Friday, August 5, 2016
FFB: The Laughing Fox - Frank Gruber
THE CHARACTERS: Johnny Fletcher may be a clever book salesman with an arsenal of manipulative tactics that help him sell boxes full of Every Man a Samson, a self-help book on how to gain a muscular physique, but he always seems to be running out of money. To supplement his ever dwindling income he resorts to clever cons as well as indulging in horse race betting and gambling at crap games. Sam Cragg, his partner, is really nothing more than a living prop. While Johnny hawks the books and does his spiel about how every man can become a he-man, Sam strips to the waist and goes through a series of Mr. America poses and does a strongman routine by breaking chains strung across his massive chest and showing off with some weight lifting shtick. A few people see through the fakery of the act but most of the time the duo succeeds as they do at the Cattle Congress when they successfully sell two cartons of the books to a gullible crowd of geeky farmers.
The supporting cast includes temperamental policemen and a gaggle of gamblers who seem straight out of the pages of Damon Runyon. The cops all have ugly German names ( Chief Fleishacker and Sgt. Holtznagle) while the con men sport monikers like No-Dice Coons and Lord Mike Seymour. Among the fox breeders and furrier tradesmen there are two lovely dames that flare up Johnny's appreciation for the female form. Jessie Thompson is one of those women and when her fingerprints turn up on a gun used in the killing of Alfred Orpington the police set their eyes on her as Suspect #1. Johnny is determined to prove her innocence while also trying to clear himself of murder as an unwilling accessory. The body, after all, did turn up in his hotel room.
As the story unfolds we learn that one of the fox breeders - Wallace Erb - is the uncle of a boy who disappeared twenty years ago. The case of the missing Chester Erb was never solved. The verdict is still out on whether Wallace did in his nephew in order to gain control of the Erb fortune or whether Chester managed to build a new life for himself under a new name in a different state. There are clues that support both stories. And when someone claiming to be Chester turns up at one of the crap games run by No-Dice Coons, Johnny 's detective instincts kick into high gear. He goes on a sleuthing mission that takes him to Chicago to find out the truth behind Chester Erb's disappearance.
INNOVATIONS: This is a comic crime novel that reminded me of two great masters of that subgenre. It's intentionally farcical most of the time and the gambling types cannot help but remind one of all those slang infected characters from Guys and Dolls and Runyon's many stories of Broadway and Times Square of the 1930s. Gruber also shows off his cynical black humor that recalls the madcap often gruesome murder romps concocted by Craig Rice.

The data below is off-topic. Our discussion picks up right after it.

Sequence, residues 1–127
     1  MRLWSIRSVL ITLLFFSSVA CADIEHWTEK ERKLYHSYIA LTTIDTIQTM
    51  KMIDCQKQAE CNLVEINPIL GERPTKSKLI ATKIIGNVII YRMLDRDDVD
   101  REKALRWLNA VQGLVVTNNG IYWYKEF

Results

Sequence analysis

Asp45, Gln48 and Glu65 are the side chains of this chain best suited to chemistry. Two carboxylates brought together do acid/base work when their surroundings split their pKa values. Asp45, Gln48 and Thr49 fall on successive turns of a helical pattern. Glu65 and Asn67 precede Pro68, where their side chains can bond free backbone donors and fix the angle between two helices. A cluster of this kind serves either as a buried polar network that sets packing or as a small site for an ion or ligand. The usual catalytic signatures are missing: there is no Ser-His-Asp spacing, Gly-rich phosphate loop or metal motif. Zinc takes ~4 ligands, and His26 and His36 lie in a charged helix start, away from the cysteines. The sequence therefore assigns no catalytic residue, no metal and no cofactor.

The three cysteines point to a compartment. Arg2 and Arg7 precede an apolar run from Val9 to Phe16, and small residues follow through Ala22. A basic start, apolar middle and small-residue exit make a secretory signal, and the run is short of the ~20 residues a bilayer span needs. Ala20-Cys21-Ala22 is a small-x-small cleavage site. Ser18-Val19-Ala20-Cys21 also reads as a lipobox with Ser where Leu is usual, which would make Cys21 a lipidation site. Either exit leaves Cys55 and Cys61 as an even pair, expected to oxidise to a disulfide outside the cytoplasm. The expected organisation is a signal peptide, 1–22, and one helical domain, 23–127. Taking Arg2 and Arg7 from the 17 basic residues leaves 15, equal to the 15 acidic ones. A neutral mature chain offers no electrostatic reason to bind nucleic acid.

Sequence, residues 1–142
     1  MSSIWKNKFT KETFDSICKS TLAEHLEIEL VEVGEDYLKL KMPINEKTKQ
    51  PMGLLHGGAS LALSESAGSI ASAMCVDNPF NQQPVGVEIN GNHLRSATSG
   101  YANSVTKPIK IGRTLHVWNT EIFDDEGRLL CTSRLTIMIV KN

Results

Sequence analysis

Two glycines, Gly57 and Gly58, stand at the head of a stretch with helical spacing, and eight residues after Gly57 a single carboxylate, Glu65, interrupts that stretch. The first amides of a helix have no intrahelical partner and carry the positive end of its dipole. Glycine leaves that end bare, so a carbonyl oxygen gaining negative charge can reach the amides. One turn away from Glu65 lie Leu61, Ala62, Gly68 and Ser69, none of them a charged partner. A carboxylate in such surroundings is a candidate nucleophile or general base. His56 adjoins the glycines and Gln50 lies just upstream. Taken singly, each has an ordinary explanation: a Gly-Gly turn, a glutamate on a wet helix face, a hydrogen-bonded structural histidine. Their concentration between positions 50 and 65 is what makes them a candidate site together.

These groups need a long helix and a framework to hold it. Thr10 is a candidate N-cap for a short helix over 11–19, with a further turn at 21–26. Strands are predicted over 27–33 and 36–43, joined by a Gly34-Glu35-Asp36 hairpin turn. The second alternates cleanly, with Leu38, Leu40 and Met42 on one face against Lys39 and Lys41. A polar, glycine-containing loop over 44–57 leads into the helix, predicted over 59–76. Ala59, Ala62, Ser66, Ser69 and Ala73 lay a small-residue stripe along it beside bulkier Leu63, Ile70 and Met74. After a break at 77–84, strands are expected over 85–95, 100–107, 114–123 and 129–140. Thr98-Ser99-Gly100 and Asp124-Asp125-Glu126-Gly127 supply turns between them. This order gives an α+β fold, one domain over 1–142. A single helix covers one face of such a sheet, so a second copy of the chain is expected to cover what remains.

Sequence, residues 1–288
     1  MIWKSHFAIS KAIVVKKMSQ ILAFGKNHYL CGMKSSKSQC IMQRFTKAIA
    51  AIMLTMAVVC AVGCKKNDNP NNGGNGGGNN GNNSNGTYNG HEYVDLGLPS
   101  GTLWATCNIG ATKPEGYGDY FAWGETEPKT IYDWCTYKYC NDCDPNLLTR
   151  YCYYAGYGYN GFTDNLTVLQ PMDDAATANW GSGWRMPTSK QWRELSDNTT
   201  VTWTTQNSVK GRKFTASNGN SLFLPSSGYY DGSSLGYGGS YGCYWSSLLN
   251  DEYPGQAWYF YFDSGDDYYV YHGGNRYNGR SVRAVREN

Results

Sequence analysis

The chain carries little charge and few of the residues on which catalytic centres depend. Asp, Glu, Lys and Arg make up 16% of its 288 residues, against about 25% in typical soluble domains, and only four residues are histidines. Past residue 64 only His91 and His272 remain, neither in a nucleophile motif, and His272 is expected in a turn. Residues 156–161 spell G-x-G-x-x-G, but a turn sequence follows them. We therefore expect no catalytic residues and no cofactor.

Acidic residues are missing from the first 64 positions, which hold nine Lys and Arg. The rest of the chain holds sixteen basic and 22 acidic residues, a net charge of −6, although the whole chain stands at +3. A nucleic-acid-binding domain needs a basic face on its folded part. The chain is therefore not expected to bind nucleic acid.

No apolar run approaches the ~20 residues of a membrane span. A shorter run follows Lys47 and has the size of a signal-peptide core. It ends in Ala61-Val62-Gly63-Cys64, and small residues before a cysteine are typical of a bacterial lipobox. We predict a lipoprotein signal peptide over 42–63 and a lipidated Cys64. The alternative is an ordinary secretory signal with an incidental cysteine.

THE AUTHOR: Much has been written about Frank Gruber, one of the most prolific of pulp writing "fictioneers". He covered it all -- detective stories, westerns, thrillers, comic crime, spy novels, adventure stories. Pick a genre, any genre. Chances are Gruber wrote a handful of stories or novels in each category. During his more than five decades as a professional writer he counts a stint as a reporter for five different farming magazines when he lived in Iowa during the 1930s. The Cattle Congress and most of the characters who attend that agricultural show are surely based on his own experiences during his Iowa years. Most interesting to me in The Laughing Fox is the inclusion of Judge Orrin, a crooked editor of a self-published journal who extorts advertising in exchange for favorable livestock ratings and blue ribbons at the fairs. I wonder if he was based on someone Gruber knew back in the day. There's crooked business wherever you go, I guess.
THINGS I LEARNED: I had no idea that fox breeding was such a popular trade decades ago. Coincidentally, I've been reading a lot of mystery fiction from the 40s and 30s in which women are decked out in fox and sable stoles. Fox fur, especially the glamorized silver fox, was apparently a very hot item prior to WW2, maybe afterwards too. The climax of The Laughing Fox takes place during a fox fur pelt auction that ends in an unexpectedly violent manner.
New gambling lingo I picked up: Tops are loaded dice that will roll only high numbers. A sheetwriter is the guy in the room who keeps track of each person's bets and the money played out.
Johnny Fletcher & Sam Cragg series
The French Key (1940)
The Laughing Fox (1940)
The Hungry Dog (1941)
The Navy Colt (1941)
The Talking Clock (1941)
The Gift Horse (1942)
The Mighty Blockhead (1942)
The Silver Tombstone (1945)
The Honest Dealer (1947)
The Whispering Master (1947)
The Scarlet Feather (1948)
The Leather Duke (1949)
The Limping Goose (1954)
Swing Low, Swing Dead (1964)